Survival Skills for Developers

I’ve talked about this post during the recording of the latest This Week In Testing episode (soon to be available). It is well written post by the blog owner – Derek Hatchar that explains his take of the skill a developer need to have in order to survive in this highly competitive work – read it here.

I feel that I didn’t give enough credit during the webcast to the post – this is a good list and I guess that every software developer (or manager) has a similar list that he (or she) thinks are essential in order to “stay relevant”.

What I did not like in the list is the fact that it seemed to be mostly (but not only) technology based – I don’t think that every developer out there must know how to print or send email with his language of choice.

During the webcast Doron has asked me about my list of development skills needed and it took me more time to answer then it should have, it should have been an easy task – name the skills make one developer better at his work then others – I’ve though of the subject quite a bit and the list below is my take on the survival skills for developers:

  • Basic operating system knowledge
    It pains me to meet developers that have no idea how memory is managed, what are threads and that file is just a bunch of bytes. I don’t think that you need to compile your OS kernel daily nor do I think that every developer should use Linux, Solaris and Windows – but you do need to know the basics.
    Although OS understanding seems pretty theoretical subject I cannot start to count the times this knowledge had helped me write better code, solve a task or find a bug.
  • Programming languages
    I said it before and I say it again this is the main tool of our trade and the more tools you have the better you can do your job. You don’t want to be the guy that only knows C# and cannot read the VB.NET examples or that fellow who only solves problems in Java even if the rest of the system was written in C++. But there is much more to learning programming languages then adding another line to your C.V. with each programming language you learn and use you acquire insight to how to do things in another way. If you’ve been using OO language since graduation – try learning functional or dynamic programming by learning a new languages and see what happens.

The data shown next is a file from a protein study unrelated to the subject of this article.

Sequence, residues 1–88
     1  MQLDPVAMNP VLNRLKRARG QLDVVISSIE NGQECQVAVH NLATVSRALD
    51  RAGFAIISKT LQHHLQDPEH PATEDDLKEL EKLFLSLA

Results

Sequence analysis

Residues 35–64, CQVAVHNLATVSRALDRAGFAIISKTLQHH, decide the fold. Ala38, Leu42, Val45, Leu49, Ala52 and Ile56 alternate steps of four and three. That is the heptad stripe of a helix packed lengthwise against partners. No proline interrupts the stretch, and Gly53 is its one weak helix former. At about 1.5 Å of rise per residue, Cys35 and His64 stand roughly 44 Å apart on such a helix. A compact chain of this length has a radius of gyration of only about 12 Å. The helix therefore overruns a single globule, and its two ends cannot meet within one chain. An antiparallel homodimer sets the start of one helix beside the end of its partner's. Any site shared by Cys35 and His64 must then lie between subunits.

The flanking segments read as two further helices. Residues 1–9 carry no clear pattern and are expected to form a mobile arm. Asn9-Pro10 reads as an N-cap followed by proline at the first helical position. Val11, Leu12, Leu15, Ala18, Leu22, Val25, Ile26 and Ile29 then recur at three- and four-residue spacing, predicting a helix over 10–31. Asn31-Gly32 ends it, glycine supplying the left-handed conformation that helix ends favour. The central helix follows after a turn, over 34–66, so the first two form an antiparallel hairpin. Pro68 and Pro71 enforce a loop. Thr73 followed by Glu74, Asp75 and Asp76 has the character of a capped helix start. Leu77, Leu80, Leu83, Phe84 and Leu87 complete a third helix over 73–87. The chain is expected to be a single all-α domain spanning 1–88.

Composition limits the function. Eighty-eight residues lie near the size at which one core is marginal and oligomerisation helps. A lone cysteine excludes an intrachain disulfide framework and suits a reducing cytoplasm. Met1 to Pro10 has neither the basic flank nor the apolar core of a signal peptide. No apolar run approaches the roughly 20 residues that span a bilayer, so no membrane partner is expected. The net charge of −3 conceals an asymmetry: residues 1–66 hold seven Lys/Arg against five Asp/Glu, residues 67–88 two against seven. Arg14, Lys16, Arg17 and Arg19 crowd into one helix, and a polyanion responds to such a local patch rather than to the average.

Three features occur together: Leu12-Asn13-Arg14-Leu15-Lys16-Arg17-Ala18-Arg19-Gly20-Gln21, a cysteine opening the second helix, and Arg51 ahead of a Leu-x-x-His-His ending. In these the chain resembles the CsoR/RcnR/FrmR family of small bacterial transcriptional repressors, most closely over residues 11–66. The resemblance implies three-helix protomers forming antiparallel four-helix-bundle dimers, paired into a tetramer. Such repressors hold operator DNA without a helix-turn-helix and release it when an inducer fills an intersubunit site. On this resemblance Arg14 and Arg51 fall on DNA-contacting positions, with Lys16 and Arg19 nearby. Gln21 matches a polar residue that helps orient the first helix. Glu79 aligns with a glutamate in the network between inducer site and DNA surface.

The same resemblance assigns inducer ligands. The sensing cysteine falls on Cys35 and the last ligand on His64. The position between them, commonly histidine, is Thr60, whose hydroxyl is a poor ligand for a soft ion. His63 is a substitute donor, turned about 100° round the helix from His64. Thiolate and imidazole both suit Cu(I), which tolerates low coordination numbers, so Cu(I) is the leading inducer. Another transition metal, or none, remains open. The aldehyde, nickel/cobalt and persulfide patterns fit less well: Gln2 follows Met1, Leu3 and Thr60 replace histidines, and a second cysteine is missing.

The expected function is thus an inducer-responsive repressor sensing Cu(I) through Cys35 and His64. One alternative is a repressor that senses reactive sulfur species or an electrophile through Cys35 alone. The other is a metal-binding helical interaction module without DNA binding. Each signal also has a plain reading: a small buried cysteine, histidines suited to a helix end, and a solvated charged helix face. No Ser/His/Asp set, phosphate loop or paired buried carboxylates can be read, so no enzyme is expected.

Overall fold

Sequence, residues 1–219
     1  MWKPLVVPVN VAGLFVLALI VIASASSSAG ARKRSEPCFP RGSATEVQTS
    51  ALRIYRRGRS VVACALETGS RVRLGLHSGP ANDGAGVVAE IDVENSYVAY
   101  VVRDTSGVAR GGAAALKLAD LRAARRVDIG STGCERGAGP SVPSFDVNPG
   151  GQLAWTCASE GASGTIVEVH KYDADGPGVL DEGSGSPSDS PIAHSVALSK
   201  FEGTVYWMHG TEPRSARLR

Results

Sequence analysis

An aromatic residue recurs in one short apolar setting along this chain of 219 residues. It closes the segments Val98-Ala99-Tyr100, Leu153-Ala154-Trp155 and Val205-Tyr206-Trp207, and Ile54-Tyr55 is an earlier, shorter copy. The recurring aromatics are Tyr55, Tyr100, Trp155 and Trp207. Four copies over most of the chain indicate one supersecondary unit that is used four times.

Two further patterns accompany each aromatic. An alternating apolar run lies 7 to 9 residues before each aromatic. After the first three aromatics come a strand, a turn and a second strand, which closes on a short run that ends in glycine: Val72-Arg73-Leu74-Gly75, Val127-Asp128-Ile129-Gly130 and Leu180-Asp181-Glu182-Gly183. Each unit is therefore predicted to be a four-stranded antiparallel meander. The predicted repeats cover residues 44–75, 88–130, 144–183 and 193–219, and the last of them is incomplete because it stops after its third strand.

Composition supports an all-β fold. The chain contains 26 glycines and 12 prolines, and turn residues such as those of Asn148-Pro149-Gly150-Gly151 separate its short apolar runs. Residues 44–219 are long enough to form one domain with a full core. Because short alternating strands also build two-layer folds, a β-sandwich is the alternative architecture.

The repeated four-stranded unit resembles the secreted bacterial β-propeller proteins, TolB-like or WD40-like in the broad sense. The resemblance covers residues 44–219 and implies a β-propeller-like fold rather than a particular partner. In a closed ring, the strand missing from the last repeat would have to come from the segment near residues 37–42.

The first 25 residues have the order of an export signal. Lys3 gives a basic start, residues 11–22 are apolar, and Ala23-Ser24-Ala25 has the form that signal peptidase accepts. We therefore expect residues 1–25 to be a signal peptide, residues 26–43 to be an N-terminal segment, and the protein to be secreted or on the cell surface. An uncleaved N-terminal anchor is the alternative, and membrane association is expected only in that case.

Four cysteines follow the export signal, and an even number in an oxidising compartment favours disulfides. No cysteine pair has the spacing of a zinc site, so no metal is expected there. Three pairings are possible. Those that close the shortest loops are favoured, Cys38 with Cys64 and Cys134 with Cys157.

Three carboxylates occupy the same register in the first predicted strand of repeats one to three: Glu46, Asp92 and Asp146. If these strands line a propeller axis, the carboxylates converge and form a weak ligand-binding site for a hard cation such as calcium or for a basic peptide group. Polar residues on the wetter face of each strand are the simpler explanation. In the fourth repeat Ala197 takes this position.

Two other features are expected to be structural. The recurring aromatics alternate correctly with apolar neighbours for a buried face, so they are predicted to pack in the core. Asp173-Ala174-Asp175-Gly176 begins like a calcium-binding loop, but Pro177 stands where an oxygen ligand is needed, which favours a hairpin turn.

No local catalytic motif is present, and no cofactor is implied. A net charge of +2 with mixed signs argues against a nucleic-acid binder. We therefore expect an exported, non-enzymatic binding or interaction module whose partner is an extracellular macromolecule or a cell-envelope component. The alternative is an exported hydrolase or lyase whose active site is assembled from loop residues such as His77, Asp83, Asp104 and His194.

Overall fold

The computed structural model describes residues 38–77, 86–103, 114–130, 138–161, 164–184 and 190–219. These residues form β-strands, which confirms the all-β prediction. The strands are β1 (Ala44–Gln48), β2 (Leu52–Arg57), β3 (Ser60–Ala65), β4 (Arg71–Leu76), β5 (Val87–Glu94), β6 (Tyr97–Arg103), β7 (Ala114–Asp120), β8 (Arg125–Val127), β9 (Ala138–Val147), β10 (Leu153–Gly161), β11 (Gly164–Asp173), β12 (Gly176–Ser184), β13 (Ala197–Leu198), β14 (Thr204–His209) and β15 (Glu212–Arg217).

• Communication skills
    Unless you’re the owner and sole employee of your company as well as it’s owner you need to interact with other people to get the job done. Explaining your view and ideas is important. Most positions you’ll fill will require the ability  to influence others without authority – from software developer to architect or a contractor we all need  to be able to communicate our ideas and not less important listen to others.
  • Know your tools
    That where I think scripting languages, unit testing, XML, HTML and some of the points from Derek’s post come in. Whatever you do you need to be in control in whatever you need to get the job done – efficiently.
  • Learn, Learn and learn
    There is no simple truth in the business of software development, the only constant is that it keeps on changing all of the time. You must have the curiosity and the will to keep learning to stay in the race. You can always settle for a well used technology and keep using it as long as possible but sooner or later something new will come and you’ll become obsolete. Knowing how to learn is much more important – or as my co-host said during the webcast – I don’t know how to print documents but I guess I can find out quickly if I ever need to. 

Juggling metaphor by backpackphotography.

That’s my list of essential skills – what is yours?

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